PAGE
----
Byron's Babbles

Restoring Hope

Posted in Global Leadership, Indianapolis 500, Indy 500, Leadership, Leadership Development, Memorial Day by Dr. Byron L. Ernest on May 31, 2021

As kid that grew up in central Indiana and lived here all my life, it has not been until recent years that I’ve been able to watch the Indianapolis 500 live on television. As soon as the race started coverage went off. We could watch it replayed in the evening on the day of the race, but I never understood the thrill of that because I already knew who had won. But, for me, the Indy 500 has always marked the celebration of Memorial Day. The 500 has always done an incredible job of honoring those who made the ultimate sacrifice during the ceremonies prior to the race – these we have always been able to watch. Yesterday’s ceremonies were incredible and extended the honoring to our first responders, health care workers, and others who have worked so hard to keep us safe during the global pandemic. Yesterday, as I watched, I reflected on how we talk a lot about how the earth is shrinking and we are becoming a global society, and this is true, I believe, if you study history, we’ve always been very global minded. Communication has made it possible for easier global collaboration. Much of our sacrifice has been for not only protecting our own freedoms, but the freedoms of others around the world.

“We do not know one promise these men made, one pledge they gave, one word they spoke; but we do know they summed up and perfected, by one supreme act, the highest virtues of men and citizens. For love of country they accepted death, and thus resolved all doubts, and made immortal their patriotism and their virtue.”

James A. Garfield (1831–81), May 30, 1868 Arlington National Cemetery

While honoring those who made the supreme sacrifice for our country, we need to remember they made this supreme act in order for our country and the world to be a better place. Decoration Day, as it was called in the beginning, honored those who sacrificed and died in service to our country. Then, the day became widely observed on May 30, 1868 honoring the service of those who did in the American Civil War. General John A. Logan proclaimed the day to commemorate our fallen. James A. Garfield, who was a former Union General, Ohio Congressman, and future (20th) President of the United States addressed 5,000 people at Arlington National Cemetery. In 1873, New York became the first state to designate Memorial Day as a legal holiday. Then, in 1971, when Congress passed the Uniform Monday Holiday Act, Memorial Day was set on the last Monday of May.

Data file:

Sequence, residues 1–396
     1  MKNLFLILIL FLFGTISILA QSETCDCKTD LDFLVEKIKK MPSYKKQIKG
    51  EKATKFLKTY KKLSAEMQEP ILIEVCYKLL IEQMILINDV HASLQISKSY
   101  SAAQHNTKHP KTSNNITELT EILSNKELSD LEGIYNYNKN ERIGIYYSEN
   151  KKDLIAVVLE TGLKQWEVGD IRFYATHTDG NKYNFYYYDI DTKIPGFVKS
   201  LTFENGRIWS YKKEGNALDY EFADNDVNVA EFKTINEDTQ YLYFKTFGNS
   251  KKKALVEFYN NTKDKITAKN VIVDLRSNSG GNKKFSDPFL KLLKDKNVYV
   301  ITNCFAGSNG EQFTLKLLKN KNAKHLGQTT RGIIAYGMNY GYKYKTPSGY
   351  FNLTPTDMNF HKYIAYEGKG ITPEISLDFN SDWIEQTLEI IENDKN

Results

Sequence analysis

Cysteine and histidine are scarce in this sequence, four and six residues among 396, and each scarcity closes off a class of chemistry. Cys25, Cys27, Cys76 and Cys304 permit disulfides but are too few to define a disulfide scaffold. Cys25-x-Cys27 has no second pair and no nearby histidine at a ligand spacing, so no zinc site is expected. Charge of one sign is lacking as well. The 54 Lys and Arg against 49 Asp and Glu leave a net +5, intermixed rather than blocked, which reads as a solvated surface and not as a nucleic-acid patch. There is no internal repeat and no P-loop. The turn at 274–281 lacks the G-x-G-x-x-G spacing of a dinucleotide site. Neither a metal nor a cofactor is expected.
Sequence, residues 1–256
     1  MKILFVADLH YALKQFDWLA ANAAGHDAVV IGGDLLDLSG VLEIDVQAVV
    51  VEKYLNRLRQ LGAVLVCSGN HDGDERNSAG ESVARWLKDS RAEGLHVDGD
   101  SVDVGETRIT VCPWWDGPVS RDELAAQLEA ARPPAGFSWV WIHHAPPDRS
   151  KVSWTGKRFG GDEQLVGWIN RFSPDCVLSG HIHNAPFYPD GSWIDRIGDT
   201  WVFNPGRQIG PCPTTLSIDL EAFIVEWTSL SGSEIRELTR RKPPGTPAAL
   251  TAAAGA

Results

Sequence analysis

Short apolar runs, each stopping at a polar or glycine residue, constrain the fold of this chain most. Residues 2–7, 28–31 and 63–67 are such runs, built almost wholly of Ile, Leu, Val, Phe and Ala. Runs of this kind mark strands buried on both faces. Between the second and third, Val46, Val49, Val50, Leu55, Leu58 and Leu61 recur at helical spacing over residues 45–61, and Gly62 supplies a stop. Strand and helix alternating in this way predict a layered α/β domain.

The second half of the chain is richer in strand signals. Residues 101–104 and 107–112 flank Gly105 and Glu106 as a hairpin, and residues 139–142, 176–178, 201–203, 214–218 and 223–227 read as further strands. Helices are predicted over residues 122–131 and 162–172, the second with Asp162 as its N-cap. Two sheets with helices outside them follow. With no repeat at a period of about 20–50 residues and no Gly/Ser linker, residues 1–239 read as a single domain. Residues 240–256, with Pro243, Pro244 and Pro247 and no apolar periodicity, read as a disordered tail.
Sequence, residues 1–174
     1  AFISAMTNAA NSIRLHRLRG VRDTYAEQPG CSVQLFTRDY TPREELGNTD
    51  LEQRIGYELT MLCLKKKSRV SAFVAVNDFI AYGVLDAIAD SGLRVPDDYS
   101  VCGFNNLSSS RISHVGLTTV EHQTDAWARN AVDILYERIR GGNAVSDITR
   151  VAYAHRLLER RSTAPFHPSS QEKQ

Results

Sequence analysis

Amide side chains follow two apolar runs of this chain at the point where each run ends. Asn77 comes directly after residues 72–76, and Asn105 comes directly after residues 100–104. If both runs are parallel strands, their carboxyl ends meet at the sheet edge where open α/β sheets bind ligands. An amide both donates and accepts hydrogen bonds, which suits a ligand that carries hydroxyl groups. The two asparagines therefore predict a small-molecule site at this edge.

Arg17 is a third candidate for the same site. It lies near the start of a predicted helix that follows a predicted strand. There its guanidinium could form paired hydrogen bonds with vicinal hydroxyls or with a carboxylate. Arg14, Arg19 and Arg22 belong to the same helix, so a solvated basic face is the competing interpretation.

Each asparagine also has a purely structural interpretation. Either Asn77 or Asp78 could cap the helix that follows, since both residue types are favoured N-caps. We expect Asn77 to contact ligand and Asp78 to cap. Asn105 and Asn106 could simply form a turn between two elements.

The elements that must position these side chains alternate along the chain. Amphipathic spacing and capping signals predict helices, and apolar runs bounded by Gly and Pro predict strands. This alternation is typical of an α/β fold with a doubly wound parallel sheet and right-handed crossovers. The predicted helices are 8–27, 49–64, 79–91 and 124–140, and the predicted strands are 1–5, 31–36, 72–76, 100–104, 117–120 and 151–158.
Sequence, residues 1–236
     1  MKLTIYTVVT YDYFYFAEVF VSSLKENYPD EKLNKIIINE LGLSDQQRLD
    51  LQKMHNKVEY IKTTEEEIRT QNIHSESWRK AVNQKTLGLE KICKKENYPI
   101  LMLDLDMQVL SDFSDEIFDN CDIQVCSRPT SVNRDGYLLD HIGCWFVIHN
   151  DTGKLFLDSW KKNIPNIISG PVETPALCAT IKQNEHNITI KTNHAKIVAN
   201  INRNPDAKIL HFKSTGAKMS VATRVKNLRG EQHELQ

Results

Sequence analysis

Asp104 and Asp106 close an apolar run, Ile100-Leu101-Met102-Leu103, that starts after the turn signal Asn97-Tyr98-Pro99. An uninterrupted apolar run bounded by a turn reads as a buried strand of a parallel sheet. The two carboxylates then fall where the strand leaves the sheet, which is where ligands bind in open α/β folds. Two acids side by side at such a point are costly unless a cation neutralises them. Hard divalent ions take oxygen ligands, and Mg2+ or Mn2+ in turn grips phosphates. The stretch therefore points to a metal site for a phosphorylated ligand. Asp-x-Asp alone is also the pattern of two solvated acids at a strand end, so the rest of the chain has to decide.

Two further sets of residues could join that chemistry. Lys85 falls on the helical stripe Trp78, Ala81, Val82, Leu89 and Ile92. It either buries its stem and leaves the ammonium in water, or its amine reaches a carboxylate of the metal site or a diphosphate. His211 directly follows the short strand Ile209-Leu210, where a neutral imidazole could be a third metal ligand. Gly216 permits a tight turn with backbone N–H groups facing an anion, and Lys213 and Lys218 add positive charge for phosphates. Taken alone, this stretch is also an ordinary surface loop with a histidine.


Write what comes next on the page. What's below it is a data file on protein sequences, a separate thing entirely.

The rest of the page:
We memorialize in order to preserve memories, events or people, and this allows us to remember and honor loved ones. This weekend and today on Memorial Day, we memorialize in many forms—ranging from ceremonies to gatherings to physical pieces of remembrance. On this Memorial day we need to be thinking about recovery and new life, especially in support of the service members who survived the atrocities of war but suffered from physical and psychological injuries long after it ended. It is my hope and prayer that we use this Memorial Day to re-center our thoughts to focus on all the freedoms “to” and “of” that the sacrifices we honor today were for. While some peace comes only with time, and the years blur and obliterate some the animosities that led to the horrific violence of our past, we must never forget. Additionally, we need to study our past and learn from what happened, the shortcomings and mistakes of former leaders, and continue to grow as a people who understand that our actions affect every other person in the world. Let us also use this Memorial Day as a call to restore hope in the midst of some of our most dire circumstances.


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